Will Congress cut this bloated budget? No. Our fear of The Enemy keeps it in place, while schools close, services are cut, and highways and bridges decay to dust.

It is not our enemies who have cut us off at the knees. When you hear of Salina's local economic boon from UAV's, consider that military drones were 5% of military flying vehicles in 2005, and now constitute one-third of the fleet. Consider that they are used for surveillance as well as killing. And consider that they may be tested over Salina.

Our history of bad choices goes back to Ronald Reagan and before. Reagan understood the power of The Enemy and exploited it. He lost his early primaries. No one wanted a misguided cowboy actor for President. Yet, when he proclaimed we were losing the Panama Canal (yet another misguided statement), bellowing "Uncle Sam is not going to retreat with his tail between his legs," he won every one.

Under his presidency, fact-free folk from Paul Nitze (arms control advisor) to William Casey (CIA director) kept him on a hard-right, fear-fueled track.

These ideological predecessors encouraged George W. Bush's Gang Who Couldn't Shoot Straight to limber their muscles proclaiming Saddam's "mushroom cloud" WMD.

Such baloney can cause great harm. It felled Phil Donahue, the only commercial media critic of the war, who was fired from MSNBC.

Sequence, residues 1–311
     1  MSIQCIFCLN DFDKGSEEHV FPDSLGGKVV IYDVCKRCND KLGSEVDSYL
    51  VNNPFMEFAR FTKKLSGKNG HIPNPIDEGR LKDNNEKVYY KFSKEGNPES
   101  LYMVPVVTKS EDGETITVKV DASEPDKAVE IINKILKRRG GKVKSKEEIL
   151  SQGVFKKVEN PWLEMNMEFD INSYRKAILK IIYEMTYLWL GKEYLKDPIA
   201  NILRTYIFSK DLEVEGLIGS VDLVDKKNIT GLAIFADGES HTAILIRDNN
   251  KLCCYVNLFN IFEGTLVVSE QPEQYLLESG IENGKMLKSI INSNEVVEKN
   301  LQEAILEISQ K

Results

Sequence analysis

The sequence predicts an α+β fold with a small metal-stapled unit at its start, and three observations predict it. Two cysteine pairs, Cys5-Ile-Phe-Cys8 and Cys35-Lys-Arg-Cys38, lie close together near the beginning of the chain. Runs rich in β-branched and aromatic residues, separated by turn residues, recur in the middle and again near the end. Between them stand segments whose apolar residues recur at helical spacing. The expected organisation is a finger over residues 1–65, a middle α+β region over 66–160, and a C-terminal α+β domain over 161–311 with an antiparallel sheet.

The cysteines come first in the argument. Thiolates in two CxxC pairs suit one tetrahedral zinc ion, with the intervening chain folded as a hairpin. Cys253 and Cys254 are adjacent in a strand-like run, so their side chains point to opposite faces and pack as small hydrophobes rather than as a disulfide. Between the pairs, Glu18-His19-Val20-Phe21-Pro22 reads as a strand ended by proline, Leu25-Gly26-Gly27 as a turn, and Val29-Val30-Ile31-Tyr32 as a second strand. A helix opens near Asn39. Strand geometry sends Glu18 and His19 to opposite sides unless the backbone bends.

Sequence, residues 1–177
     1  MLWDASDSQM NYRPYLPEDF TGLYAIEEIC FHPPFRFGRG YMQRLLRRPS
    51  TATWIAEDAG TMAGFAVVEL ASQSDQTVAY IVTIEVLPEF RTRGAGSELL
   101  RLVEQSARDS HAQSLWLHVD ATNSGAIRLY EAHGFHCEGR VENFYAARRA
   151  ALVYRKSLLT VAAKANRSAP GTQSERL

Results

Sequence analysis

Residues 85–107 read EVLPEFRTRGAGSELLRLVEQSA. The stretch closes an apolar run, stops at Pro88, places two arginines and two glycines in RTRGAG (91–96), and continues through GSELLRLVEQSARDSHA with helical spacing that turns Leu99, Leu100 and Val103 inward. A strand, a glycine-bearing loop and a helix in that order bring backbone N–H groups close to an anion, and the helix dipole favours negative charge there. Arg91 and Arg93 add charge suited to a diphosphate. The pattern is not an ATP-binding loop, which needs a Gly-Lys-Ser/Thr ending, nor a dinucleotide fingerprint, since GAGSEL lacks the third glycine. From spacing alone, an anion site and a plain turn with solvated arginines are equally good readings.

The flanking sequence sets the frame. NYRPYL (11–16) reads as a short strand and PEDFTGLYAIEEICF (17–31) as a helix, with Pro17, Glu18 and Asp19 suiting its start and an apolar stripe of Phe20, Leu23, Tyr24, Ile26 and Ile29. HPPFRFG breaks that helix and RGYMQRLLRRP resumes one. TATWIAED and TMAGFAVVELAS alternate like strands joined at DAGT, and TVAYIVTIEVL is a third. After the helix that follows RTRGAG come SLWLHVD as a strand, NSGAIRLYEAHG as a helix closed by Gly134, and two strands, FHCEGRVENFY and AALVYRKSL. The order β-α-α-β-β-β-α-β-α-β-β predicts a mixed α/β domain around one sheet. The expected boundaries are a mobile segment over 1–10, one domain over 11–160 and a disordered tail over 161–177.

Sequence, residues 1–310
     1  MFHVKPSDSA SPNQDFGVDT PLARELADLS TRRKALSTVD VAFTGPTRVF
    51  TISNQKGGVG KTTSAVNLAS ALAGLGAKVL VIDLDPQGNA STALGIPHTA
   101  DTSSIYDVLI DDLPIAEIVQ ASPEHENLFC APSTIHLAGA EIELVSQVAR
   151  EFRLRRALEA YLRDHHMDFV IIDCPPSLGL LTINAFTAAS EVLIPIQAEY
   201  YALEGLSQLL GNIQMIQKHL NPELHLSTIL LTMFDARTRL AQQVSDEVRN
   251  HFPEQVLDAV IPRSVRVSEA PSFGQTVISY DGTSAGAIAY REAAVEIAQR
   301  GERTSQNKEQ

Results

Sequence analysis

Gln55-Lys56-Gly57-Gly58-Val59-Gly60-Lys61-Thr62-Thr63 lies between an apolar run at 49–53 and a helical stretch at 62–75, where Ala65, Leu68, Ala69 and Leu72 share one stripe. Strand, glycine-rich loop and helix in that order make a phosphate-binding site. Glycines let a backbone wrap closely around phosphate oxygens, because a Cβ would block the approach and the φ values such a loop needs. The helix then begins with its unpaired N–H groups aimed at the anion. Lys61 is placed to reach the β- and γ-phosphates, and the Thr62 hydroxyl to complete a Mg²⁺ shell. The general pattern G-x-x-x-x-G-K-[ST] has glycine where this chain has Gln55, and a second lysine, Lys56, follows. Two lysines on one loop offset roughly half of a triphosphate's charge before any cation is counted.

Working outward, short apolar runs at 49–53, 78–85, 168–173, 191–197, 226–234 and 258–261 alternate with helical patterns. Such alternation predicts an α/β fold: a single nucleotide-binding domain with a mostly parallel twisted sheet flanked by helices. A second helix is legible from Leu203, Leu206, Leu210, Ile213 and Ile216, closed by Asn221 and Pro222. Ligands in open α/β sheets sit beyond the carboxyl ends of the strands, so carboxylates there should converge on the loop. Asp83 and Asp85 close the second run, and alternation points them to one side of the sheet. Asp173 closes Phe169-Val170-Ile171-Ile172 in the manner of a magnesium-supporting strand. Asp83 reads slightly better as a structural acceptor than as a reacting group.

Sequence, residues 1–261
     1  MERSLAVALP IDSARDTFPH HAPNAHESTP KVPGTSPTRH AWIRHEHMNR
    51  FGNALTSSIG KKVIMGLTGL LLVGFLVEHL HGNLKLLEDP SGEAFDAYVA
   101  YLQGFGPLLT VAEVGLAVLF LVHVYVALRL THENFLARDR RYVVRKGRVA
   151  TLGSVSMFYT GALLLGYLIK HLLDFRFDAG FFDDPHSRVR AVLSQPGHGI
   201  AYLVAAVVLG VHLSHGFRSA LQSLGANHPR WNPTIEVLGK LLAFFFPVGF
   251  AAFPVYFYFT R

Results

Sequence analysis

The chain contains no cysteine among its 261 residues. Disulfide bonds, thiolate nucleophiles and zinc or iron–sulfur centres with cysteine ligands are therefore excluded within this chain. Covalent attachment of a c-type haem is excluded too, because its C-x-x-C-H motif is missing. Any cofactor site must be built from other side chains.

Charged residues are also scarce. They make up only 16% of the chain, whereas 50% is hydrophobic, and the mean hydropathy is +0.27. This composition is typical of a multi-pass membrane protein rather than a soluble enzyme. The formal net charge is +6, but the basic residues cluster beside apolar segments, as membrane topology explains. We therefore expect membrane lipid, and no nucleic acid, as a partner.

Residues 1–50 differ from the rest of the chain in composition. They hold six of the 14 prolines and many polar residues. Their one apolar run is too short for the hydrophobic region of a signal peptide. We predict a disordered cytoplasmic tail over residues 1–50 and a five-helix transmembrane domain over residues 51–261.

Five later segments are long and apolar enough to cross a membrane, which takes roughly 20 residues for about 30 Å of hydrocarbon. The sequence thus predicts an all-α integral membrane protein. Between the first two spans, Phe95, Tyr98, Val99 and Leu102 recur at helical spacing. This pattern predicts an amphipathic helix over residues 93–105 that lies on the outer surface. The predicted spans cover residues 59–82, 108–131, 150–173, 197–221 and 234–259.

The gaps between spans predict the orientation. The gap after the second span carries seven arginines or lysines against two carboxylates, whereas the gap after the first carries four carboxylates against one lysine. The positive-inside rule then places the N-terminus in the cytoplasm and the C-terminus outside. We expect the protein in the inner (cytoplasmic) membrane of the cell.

To truly know our Enemy, we must avoid deception. Anthony Dimaggio, author of Mass Media, Mass Propaganda, put it well:

"When academics, journalists, pollsters, and politicians. . . . consciously ignore moral challenges to U.S. foreign policy, then [rational dialogue is] difficult, if not impossible. Without such dialogue, it [is] difficult to . . . . challenge and reject official propaganda, misinformation, and lies. On this 10-year anniversary, that dialogue is needed more than ever if [we hope to limit] future wars of aggression." And, I might add, to limit threats to our freedom.

As Pogo said, "We have met the Enemy--and he is us."

Our sponsors help us stay online to serve you. Thank you for doing your part! By using the specific links below (clicking through from our site) to start any of your online shopping, you are making a tremendous difference. By using the shopping links provided on a Kansas Free Press page, you are directly helping to support the Kansas Free Press:

About This Page

This is an archive page containing all stories published in Kansas Free Press in March 2013. These are listed from newest to oldest.

February 2013 is the previous archive and April 2013 is the next one.

Other Archives

Interested in other topics? You may wish to dig into our Table of Contents to find other sections and archives.